Asia’s Newest World Heritage Sites

Each year, UNESCO’s World Heritage Committee meets and deliberates over a series of nominated cultural, natural, and mixed sites to decide whether they are worthy of the prestigious World Heritage List. Here are seven in Asia that have just been recognized for their “outstanding universal value.”

A critically endangered Okinawa woodpecker on its namesake Japanese island. (© MOEJ)

Amami-Oshima Island, Tokunoshima Island, northern part of Okinawa Island, and Iriomote Island

The first of Japan’s two new World Heritage Sites this year encompasses more than 42,000 hectares of subtropical rain forest across four Ryukyu islands. Unspoiled by human habitation, these protected areas made the cut thanks to their biodiversity and high percentage of endemic species of flora and fauna that have evolved in isolation over millions of years, including the endangered Amami rabbit and critically endangered Iriomote cat. Some represent ancient lineages and have no living relatives anywhere in the world. A number of endemic species, like the critically endangered Okinawa woodpecker, are not found outside the forests of their respective island homes.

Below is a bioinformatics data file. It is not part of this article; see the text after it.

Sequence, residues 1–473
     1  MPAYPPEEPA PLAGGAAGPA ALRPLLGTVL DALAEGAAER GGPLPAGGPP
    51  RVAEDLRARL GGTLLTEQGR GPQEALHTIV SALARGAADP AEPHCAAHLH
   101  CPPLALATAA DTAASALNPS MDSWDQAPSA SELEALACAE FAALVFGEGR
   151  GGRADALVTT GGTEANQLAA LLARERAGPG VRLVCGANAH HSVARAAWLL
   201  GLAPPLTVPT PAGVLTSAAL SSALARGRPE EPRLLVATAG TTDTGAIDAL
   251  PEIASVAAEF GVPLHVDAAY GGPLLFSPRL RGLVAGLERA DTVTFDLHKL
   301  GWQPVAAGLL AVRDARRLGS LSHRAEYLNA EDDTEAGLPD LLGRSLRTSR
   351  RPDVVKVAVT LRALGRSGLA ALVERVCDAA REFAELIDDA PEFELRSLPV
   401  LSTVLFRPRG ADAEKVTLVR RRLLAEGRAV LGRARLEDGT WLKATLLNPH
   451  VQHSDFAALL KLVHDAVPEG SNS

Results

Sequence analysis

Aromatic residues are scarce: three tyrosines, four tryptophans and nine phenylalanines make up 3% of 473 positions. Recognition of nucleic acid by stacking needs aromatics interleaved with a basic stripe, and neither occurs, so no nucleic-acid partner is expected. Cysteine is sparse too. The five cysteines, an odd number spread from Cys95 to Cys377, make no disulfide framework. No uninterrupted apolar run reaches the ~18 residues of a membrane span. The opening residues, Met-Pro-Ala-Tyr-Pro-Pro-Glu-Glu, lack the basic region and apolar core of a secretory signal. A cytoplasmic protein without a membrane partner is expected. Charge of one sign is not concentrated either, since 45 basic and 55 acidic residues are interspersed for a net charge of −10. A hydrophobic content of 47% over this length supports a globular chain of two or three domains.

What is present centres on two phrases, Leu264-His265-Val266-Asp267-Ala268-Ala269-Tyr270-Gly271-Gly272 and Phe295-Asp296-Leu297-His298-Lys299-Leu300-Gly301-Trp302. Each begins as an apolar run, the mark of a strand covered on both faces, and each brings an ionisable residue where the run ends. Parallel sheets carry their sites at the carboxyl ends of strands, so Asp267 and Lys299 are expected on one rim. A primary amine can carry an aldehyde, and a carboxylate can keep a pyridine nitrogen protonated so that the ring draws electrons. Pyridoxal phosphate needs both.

An excavated reservoir at Dholavira. (Photo: Lalit Gajjer/Wikimedia Commons)

Dholavira: a Harappan City